“First Nations communities that might benefit tangibly from future development, jobs, skills training, opportunities and economic progress will be putting some pressure on the new government to support these things,” Peck said.  

Map courtesy of Grid Metals.

Good relations

Grid has a Donner Lake exploration agreement with the Sagkeeng First Nation, though it will need an impact benefit agreement to start production, Peck said. Relations with provincial regulators are good and the company expects a mining permit within a year, he said.

Toronto-based Li Equities Investments (formerly Lithium Royalty), which owns 15% of Grid, holds a quarter of the project. It hosts 6.8 million inferred tonnes grading 1.39% lithium oxide (Li2O), according to an initial resource estimate in July. It’s envisioned as a “modest-sized” open-pit operation to start, Grid says.

The 612-sq.-km Falcon West lithium project has historical assays including 12.2 metres at 2.2% Li2O and 10.5 metres at 2% Li2O. Grid expects to start its drilling there this year.

Negotiations with Tanco, 35 km from Donner Lake, began a year ago and a final agreement is still to be signed, Dunbar said. The plan envisions splitting profit 50/50 on sales of 5-6% spodumene concentrate from 200,000 tonnes a year of Donner Lake material. Concentrate output would be around 40,000 tonnes, Sinomine operations director Joey Champagne said during a site briefing.

The Tanco mine started tantalum and cesium output in 1968, Champagne said. It stopped tantalum in 2013 but is still producing cesium, which is used primarily in oil drilling. The mill produced lithium from 1993 to 2009 before restarting it two years ago.

Spodumene ore with lithium glows orange in Donner Lake core samples under ultraviolet light. Credit: C. McClelland

Bunker busters

China’s state-owned Sinomine bought the site in 2019 from Boston-based Cabot (NYSE: CBT), a global chemicals company. Cabot reportedly sold Tanco’s tantalum to United States defence contractors to harden bunker buster bombs, Peck said.

Grid has paid $300,000 for the True North mine and mill and would pay $1 million more after a 90-day due diligence period with 1911 Gold ends this month. It would also buy $450,000 of 1911 Gold stock for about 10% of that company and contribute $2.9 million to the mine’s closure bond over three years, Dunbar said.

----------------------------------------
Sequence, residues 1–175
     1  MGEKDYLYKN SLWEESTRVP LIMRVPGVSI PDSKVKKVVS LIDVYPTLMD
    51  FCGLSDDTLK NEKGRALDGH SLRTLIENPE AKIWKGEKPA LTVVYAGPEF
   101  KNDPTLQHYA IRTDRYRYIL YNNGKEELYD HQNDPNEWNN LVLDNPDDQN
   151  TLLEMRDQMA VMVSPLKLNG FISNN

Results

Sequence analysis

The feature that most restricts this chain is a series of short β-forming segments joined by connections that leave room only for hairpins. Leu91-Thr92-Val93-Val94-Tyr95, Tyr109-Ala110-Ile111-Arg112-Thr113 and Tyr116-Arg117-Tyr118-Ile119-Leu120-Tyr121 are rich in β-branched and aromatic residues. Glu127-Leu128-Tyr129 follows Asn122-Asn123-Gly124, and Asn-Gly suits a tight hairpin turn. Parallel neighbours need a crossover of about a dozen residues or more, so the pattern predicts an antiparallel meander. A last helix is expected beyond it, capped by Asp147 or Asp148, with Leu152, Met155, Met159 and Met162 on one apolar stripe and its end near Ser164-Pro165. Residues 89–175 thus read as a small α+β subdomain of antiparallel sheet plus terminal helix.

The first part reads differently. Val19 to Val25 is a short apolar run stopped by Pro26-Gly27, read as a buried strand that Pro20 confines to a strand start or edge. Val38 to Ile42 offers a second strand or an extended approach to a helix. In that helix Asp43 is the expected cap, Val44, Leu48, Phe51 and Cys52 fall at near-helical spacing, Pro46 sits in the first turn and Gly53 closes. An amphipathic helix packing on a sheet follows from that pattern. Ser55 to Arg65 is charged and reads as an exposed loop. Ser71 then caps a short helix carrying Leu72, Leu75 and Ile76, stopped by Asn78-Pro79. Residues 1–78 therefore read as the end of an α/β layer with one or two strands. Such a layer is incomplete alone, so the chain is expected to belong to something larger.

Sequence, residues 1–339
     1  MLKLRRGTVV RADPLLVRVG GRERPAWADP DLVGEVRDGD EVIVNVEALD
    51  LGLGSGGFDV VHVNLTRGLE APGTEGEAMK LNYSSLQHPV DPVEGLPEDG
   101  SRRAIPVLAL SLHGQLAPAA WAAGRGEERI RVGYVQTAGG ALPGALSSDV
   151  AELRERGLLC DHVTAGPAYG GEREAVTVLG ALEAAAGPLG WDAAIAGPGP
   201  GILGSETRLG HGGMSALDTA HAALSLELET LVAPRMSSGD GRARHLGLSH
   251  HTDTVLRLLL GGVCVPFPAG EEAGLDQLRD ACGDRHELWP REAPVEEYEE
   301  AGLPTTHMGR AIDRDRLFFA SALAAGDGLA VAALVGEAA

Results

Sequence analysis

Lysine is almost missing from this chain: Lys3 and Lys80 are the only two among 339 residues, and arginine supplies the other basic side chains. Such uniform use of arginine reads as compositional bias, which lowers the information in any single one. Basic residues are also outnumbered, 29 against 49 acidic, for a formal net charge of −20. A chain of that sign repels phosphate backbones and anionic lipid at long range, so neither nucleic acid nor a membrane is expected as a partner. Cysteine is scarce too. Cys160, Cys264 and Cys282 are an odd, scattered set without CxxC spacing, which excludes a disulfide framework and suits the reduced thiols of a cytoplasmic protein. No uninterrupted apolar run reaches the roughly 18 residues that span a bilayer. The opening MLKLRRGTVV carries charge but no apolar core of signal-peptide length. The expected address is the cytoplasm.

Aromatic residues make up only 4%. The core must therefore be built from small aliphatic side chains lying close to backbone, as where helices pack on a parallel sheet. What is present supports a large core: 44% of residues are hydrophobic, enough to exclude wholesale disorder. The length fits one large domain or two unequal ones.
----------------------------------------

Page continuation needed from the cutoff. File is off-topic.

The fully-permitted mine shut last November after declining underground grades made it unprofitable. The mill is valued at more than $200 million and could be refurbished by 2027 according to Grid.

The scoping study by Primero Group, which owns 6% of Grid, says converting the mill can produce spodumene concentrate at a cost of $316.14 per tonne. It recommended further engineering studies totalling $2 million. New metallurgy tests showed a 70% recovery rate and production of concentrate grading 5.5% Li2O and iron content of 1.4% ferric oxide, Grid said. 

Dunbar was a banker with BMO before starting Mustang Minerals two decades ago with the Makva Mayville nickel project in the same southeast Manitoba region. The project holds 33.8 million indicated tonnes grading 0.27% nickel and 0.37% copper for 203 million lb. nickel and 276 lb. copper, according to a 2014 preliminary economic assessment.

Mustang became Grid in 2016. Its stock traded at 12¢ apiece on Wednesday in Toronto, within a 52-week window of 10¢ to 24¢.

Canada’s two producing lithium projects are the Tanco mine and the North American Lithium (NAL) project in Quebec operated in a 75-25 partnership between Sayona Mining (ASX: SYA; US-OTC: SYAXF) and Piedmont Lithium (NASDAQ: PLL; ASX: PLL). It made its first commercial shipment of spodumene concentrate in August

“With car company demand set to accelerate, the market is underestimating the problems of the lithium supply side,” Dunbar said. “With an agreement with Tanco, all we need is a mining permit and we’re there.”